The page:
Assent vs Belief

Something occurred recently that provided me a better understanding of the difference between converts and so-called “cradle” Catholics.

It was during a meeting of older parishioners, those groups commonly called by names like “Senior Catholics” or “Golden Agers” or “Young At Heart,” etc., groups where you might expect to hear laments of lost traditions. A woman in her eighties who serves as a Eucharistic minister bemoaned her observations of young people who, she said, “…don’t believe. I mean, they really don’t believe that it’s the real body and blood ….” I mentioned that they don’t really have to believe, what they have to do is assent to believe; that coming to believe, or to know, is actually a grace, not a criterion or some measure of their faith.

My comment didn’t do anything to make me more popular in the group, and I get it now that the purpose was to criticize, or just to mourn the lost traditional “have-to’s” that constituted the Catholic faith education of their youth. Nothing wrong with that. And it might be well argued that such is the privilege of the elderly. (I’m not totally sure I go along with that argument, however, since oppositional obstinacy is no more a privilege of the elderly than it is of the young—who can be just as stubbornly opinionated. I think it’s more characteristic of personality than it is of age.)

But it brings out something not much attended: the nature of grace, for one, and for another, the meaning of assent. I remember as a Southern Baptist child, being drilled repeatedly in John 3:16, “For God so loved the world that he gave his only begotten son, so that everyone who believes in him might not perish but might have eternal life.” This was the criterion of faith, followed by the warning that if you don’t believe, you’re condemned. Well, I tried. I tried hard. I didn’t want to go to hell for not believing. Somewhere, sometime, I gave it up. I couldn’t help what I believed or didn’t believe. Slowly and silently, I faced the truth that I would go to hell, and even more silently, grew angry with a God who would condemn me to hell for something I couldn’t help.

Fast forward many decades: Learning the difference between assent and dissent, and learning the nature of grace. Faith as belief is a grace. We can’t earn it, gain it, no matter how hard we might pursue it. It is a grace, not an achievement. Grace comes from God, not from us. However, we can’t receive the gift unless we assent to it; i.e., unless we are willing to believe. Those who dissent are unwilling to believe, and therefore not open to receive the gift of faith. What is up to us is not whether to believe or not believe, but whether to be willing to believe.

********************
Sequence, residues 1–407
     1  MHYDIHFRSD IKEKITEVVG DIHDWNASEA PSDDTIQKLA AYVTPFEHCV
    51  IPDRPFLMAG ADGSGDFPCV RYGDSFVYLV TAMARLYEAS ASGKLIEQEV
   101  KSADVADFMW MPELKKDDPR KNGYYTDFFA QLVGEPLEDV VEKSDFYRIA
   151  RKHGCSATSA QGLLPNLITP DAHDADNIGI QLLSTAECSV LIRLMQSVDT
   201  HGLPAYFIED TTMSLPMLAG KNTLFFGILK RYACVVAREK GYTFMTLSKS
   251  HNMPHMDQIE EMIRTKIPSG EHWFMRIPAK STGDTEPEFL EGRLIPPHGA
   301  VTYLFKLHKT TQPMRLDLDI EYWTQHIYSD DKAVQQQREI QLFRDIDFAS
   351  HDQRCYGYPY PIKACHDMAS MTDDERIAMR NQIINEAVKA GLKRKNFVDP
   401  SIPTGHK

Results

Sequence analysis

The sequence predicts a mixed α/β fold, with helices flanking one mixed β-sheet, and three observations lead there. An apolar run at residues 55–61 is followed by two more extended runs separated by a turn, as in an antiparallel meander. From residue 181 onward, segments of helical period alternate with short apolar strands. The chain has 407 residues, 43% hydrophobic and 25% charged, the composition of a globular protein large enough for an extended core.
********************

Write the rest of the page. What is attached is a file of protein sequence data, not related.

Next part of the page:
The vast majority of those in communion lines assent to believe that what they will receive is the true body of Christ; thus they are able to say Amen when the priest says to each of them The Body of Christ. They may not fully believe, but they are willing to believe. And that’s enough. It’s all God asks of us. Sometimes they may have something like an experience of peace when they consume the body of Christ, and it’s a peace that is valid.

There are others who dissent, who are not willing to believe, their minds are made up, and their decision is final. It is they who, as St Paul says, “eat and drink their way to condemnation.” It is a blasphemy. And that’s the reason non-Catholics are not invited to consume the Holy Eucharist, not because they’re somehow excluded from the church (their exclusion is their own choice), but because, if they eat the body of Christ in dissent, in an unwillingness to believe, they condemn themselves. In their own interest of spiritual integrity, it is better to abstain.

We can’t help what we believe, but we can be open to belief—or not. Frankly, I think all the millions of Catholics who have gone to their graves after a lifetime of always being willing to believe and never having received the grace of fully believing may well be the greatest saints in heaven. It’s us hard-core types for whom grace was an absolute necessity who will be very blessed indeed just to get a seat somewhere in the back rows of that great assembly.

Dena Hunt
Dena Hunt is the author of the award-winning historical novel Treason (Sophia Institute Press), and The Lion’s Heart (Full Quiver Press), as well as several short stories and reviews, online and in print, at Dappled Things, StAR, and The Pilgrim Journal. She also writes for FaithCatholic, a liturgical publication company. She is currently working on her third novel. She is the book review editor of St. Austin Review.

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